Albert Ayal, founder of Up Next Designer

Launched in 2019 by Albert Ayal, Up Next Designer is a social-media platform that offers an accessible front-row seat to the next generation of designers. “Emerging designers are finally beginning to get the recognition they deserve from stylists and editors,” he says. “Back in the day, stylists would typically pull looks from the more established brands. Now, we’re really seeing a shift in their approach. It’s very promising to see top-shelf talent searching for cool pieces from young designers, and I think up-and-coming brands will have an advantage in 2023.”

Priya Ahluwalia and Albert Ayal
Alice Casely-Hayford, content director at NET-A-PORTER
Yoyo Cao (left) and Camille Charrière

Yoyo Cao, fashion consultant and entrepreneur

A leading figure in Singapore’s fashion industry and a front-row regular at fashion week, Yoyo Cao is redefining Southeast Asian style with a dynamic perspective. “With what has been going on in the world these past few years, a slowdown is expected, but that may actually work in the favor of young talent,” she says. “Emerging designers who can offer fresh concepts is exactly what the fashion industry needs to bring about a renewed sense of excitement and allow us to look at the familiar in unexpected ways.”

Camille Charrière, fashion editor and consultant

Charrière is a fashion journalist whose candid take on the industry has led to her becoming one of Paris and London’s most influential sartorial figures. “My best advice for young designers is to have patience – it’s normal not to have everything figured out yet,” she says. “You will change your mind a million times to grow, evolve, and make mistakes while facing challenges throughout your career. Keep going; hard work and finding your own niche will make you stand out.”

Sébastien Meyer (left) and Arnaud Vaillant, and Alice Casely-Hayford

Sébastien Meyer and Arnaud Vaillant, fashion designers and founders of Coperni

Creative director Sébastien Meyer and CEO Arnaud Vaillant founded Coperni in 2013. In 2015, they were appointed co-creative directors at Courrèges until deciding to relaunch Coperni in 2018. Today, their brand is known for its minimal, subversive designs, which are inspired by modernism and technology – and, in case anyone needs reminding, they were the masterminds behind that viral Bella Hadid spray-on-dress moment at Paris Fashion Week last October.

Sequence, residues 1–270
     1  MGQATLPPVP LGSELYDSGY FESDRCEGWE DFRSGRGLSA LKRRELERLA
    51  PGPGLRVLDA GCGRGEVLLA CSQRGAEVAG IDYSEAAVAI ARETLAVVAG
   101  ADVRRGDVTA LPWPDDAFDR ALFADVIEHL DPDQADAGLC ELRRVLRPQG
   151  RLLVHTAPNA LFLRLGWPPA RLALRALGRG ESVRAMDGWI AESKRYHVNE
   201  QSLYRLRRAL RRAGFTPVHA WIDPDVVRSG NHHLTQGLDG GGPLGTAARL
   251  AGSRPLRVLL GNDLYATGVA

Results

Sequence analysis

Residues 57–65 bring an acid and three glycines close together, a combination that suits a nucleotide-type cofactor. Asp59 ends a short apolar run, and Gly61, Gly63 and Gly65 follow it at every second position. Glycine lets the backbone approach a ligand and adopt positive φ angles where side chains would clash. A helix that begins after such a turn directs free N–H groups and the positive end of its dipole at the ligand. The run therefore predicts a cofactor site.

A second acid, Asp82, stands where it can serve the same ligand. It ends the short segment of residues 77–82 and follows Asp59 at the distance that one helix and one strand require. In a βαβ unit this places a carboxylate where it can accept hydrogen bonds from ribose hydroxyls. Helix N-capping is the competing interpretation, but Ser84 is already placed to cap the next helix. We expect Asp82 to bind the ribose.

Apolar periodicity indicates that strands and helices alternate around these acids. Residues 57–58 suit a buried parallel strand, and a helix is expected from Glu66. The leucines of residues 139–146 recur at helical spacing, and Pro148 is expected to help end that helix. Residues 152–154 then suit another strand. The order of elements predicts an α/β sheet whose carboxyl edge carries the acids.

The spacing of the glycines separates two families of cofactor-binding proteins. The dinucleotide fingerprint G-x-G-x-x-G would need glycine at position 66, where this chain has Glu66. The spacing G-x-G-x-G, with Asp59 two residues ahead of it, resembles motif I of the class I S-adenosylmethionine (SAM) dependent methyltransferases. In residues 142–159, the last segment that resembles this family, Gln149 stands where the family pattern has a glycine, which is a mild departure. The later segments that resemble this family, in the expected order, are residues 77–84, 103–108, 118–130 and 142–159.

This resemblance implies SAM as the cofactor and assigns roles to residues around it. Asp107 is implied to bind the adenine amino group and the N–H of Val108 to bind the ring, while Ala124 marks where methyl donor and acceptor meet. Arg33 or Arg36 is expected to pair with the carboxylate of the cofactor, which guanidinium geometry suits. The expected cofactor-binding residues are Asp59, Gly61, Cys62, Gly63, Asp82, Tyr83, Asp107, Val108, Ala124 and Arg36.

Alice Casely-Hayford, content director at NET-A-PORTER

An editorial expert with a keen eye for sharp storytelling, Alice Casely-Hayford held positions at Refinery29 and British Vogue before commencing her current role as content director at NET-A-PORTER. “It’s essential that we nurture and make generous space for the talent of tomorrow, as they are the future of fashion,” she says. “Historically, the industry has been an exclusive and impenetrable place, but the welcoming of creatives from all different backgrounds has been a wonderful thing to witness. Similarly, it has been exciting to see the next generation of fashion prioritizing sustainability, inclusivity and authenticity in their craft, so it is paramount that we help the new generation bring its vision to life in a meaningful way.”

Priya Ahluwalia, fashion designer, founder and creative director of Ahluwalia
Libby Jane Page (left) and Elin Kling

Libby Jane Page, market director at NET-A-PORTER

Libby Jane Page is a nexus between buying, editorial and marketing at NET-A-PORTER, offering holistic insights into fashion and product to support the commercial success of the business. “The next generation of young shoppers sees emerging designers and sustainability as a huge part of its values, and that’s a positive thing,” she says. “There are challenges ahead, which is why the Vanguard Education Fund was launched in 2022, at such a pivotal moment. The mentorship and money combined will help support students that, otherwise, might not have been able to go on and work in fashion. That said, there is lots of opportunity and young designers should feel encouraged and optimistic about the future.”

Elin Kling, fashion designer, co-founder and creative director of Toteme

Having cut her teeth as a journalist at leading publications in Stockholm, Elin Kling’s eye for design led her to launch womenswear brand Toteme. Co-founded in 2014 by Kling and her husband Karl Lindman, the brand has amassed a cult following for its minimal aesthetic and fresh, seasonless pieces, positioning Kling as a much-lauded industry figure and a marvelous mentor for fledgling designers.

The Vanguard Education Fund judging day

Take a look behind the scenes at our judging day and hear from some of the finalists as they share what the Vanguard Education Fund means to them…

SHOP THE VANGUARD ALUMNI

16 items

RELATED READING